The Shared Vision of Abraham Lincoln and Barack Obama: Save the Union

When I was growing up Abraham Lincoln was a hero to black folks. He freed the slaves. That’s what I was taught and that is what I believed until my junior year in high school. That was the year I was taught US History by Mr. Leo Boughton. He affirmed that blacks were freed during the Lincoln administration, but that was not why the war was fought. The war was fought to preserve the Union. That was the motivating factor behind the conflict and Lincoln was open to compromise. In a letter Lincoln wrote to Horace Greeley in 1862 Lincoln said, “My paramount object in this struggle is to save the Union, and is not either to save or to destroy slavery. If I could save the Union without freeing any slave I would do it, and if I could save it by freeing all the slaves I would do it; and if I could save it by freeing some and leaving others alone I would also do that.” So we still rever Lincoln we know that he too was a politician with an agenda and saving the Union was the center of it. Today we see that President Obama is under fire for attempting to save the union. Our 21st century problems are different but they are every bit as crucial. If your house is on fire would you want the firemen to analyze the fire as the flames roared or would you want them to put the fire out and do the analysis afterward? I believe we all would want the flames extinguished before the analysis begins. That is the situation facing our country. Obama tried to extend his hand to the Republicans, but he was rebuffed. Somewhere along the way the concept of bipartisanship has been changed. President Obama was elected to lead so while he was open to discussion, but he was not going to get in the passenger seat and let the Republicans drive the process. President Obama had to do something just like Lincoln to ultimately save the Union.

MSNBC Father’s “Broken” Promise Another Sad Commentary on Black America


Last night Al Roker hosted this documentary that chronicled the birth of three children. All of their fathers had pledged when they were born in 1996 that they would be there for their children. Two of the three are currently in prison serving long terms and the third is often MIA, he is a veteran of the first Gulf War and suffers from post traumatic shock syndrome. After watching the show one wondered what was the point. Was it just another opportunity to bash black men or was it an opportunity to understand why they had abandoned their responsibility. Their reasons varied from their inability to keep or get a job to their dysfunctional relations with their children’s mother. At the conclusion of the show Roker hosted a roundtable discussion on the subject with Rev. Eugene Rivers, Mayor Corey Booker, Tiki Barber and two women from the field of education. They shared their own personal stories and their complicated relationships with their own fathers but no real solutions. The reality is there are not pat solutions. Each of the scenarios comes down to personal responsibilities. Being an engaged father is hard work, but once the baby is here it is the responsibility of the father to be there to offer guidance and support and there is really no acceptable reason to abdicate this responsibility. So this documentary is a continuation of the CNN special on being black in America and from the MSNBC perspective it is indeed a sad situation.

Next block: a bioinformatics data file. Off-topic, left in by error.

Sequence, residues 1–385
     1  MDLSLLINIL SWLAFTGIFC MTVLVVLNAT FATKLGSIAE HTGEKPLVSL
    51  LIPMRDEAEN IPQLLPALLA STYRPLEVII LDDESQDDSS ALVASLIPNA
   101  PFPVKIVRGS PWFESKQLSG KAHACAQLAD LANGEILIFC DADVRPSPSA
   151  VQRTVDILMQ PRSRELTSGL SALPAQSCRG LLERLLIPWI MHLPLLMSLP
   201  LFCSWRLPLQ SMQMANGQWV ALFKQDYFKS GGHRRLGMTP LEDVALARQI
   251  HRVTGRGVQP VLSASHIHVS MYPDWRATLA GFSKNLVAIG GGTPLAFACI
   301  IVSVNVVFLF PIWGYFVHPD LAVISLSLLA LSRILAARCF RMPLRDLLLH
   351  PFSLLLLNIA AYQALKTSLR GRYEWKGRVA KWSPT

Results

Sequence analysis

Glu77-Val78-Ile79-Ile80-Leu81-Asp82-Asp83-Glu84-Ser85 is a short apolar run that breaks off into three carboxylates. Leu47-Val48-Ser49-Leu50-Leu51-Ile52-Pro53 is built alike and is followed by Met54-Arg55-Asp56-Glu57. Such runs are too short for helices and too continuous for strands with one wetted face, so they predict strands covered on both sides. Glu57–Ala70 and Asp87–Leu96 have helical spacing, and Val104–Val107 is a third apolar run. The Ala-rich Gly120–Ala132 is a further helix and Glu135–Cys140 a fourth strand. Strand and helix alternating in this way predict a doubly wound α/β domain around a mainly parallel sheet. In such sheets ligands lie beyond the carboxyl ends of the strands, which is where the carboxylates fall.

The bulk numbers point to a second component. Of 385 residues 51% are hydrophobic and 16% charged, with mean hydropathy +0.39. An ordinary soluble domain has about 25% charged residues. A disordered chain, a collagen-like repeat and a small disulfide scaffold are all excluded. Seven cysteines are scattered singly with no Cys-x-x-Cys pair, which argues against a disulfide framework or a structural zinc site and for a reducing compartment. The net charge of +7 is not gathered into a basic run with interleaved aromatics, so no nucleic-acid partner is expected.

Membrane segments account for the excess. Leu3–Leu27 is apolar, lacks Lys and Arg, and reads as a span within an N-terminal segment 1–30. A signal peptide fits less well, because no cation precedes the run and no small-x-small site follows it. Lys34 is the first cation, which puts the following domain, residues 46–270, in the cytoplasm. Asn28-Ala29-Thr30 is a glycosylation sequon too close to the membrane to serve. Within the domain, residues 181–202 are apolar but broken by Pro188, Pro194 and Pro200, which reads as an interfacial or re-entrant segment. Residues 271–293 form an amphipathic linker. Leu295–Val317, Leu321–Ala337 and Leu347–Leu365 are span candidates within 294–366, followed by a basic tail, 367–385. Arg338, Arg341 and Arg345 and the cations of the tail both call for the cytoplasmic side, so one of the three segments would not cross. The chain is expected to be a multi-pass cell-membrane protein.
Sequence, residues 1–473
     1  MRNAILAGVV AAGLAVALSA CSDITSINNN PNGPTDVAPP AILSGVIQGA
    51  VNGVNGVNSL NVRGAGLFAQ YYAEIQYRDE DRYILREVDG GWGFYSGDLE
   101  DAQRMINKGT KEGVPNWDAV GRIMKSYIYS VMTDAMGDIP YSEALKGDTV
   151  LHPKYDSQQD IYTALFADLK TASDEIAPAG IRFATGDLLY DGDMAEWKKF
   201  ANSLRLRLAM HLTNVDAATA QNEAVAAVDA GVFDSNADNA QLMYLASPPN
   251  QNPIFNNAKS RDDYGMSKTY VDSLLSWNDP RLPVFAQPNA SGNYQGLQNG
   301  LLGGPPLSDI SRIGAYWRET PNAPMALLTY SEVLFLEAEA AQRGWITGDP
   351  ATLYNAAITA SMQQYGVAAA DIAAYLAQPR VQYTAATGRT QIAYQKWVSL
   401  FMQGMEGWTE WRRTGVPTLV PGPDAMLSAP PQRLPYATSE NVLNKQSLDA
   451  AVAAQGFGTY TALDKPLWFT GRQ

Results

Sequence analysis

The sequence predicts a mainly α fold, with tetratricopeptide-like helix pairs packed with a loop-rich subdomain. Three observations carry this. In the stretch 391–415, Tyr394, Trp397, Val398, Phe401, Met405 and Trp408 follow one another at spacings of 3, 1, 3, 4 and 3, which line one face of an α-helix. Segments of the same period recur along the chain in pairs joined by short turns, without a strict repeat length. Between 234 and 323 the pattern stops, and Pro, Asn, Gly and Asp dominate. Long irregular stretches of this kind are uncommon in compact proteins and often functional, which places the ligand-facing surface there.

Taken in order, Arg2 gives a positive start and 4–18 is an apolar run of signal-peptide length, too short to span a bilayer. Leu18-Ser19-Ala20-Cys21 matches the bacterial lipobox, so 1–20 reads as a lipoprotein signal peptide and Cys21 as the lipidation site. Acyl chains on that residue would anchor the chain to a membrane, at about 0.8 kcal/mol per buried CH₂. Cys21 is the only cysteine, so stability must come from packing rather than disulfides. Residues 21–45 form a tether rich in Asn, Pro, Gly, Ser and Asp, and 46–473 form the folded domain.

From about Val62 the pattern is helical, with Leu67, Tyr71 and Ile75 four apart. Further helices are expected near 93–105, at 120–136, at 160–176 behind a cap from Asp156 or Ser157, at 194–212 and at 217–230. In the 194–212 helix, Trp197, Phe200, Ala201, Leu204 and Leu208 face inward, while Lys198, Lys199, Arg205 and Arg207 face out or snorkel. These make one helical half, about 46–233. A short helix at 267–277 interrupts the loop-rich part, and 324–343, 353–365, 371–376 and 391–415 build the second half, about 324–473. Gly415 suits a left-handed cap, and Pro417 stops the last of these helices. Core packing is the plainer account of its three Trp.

Black History Did Not Begin With Obama, and It Won’t End With Him

Today I had a light bulb moment. I was driving my daughter home from school and she told me she had to do some research on Jim Crow. She then asked me who was Jim Crow? I also drive one of her classmates home and he piped up and said he knew who Jim Crow was. I said tell us, and he proceeded to say Jim Crow was a boy from Chicago who went south and whistled at a white woman during the 1950’s. He said men came to his house and dragged him out and killed him. I told him the person he was describing was Emmett Till. What did I learn? Our kids need to know our rich history did not start with the election of Barack Obama.  We had the benefit of our parents who had lived through Jim Crow. They had personal stories to share with us that told of their personal struggles and their triumph over racism.  Our kids don’t have this in their lives and this is not being taught in their schools. So who is going to teach our children about our history? We are and we can not abdicate our responsibility. I know some people reading this will say I am teaching my kids about black history, That’s great. You can ignore this but for those of us who have not been it is time to do it. This is a wonderful time for this country but there have been other wonderful times for this country and there will be more, but we can not afford to forget our history.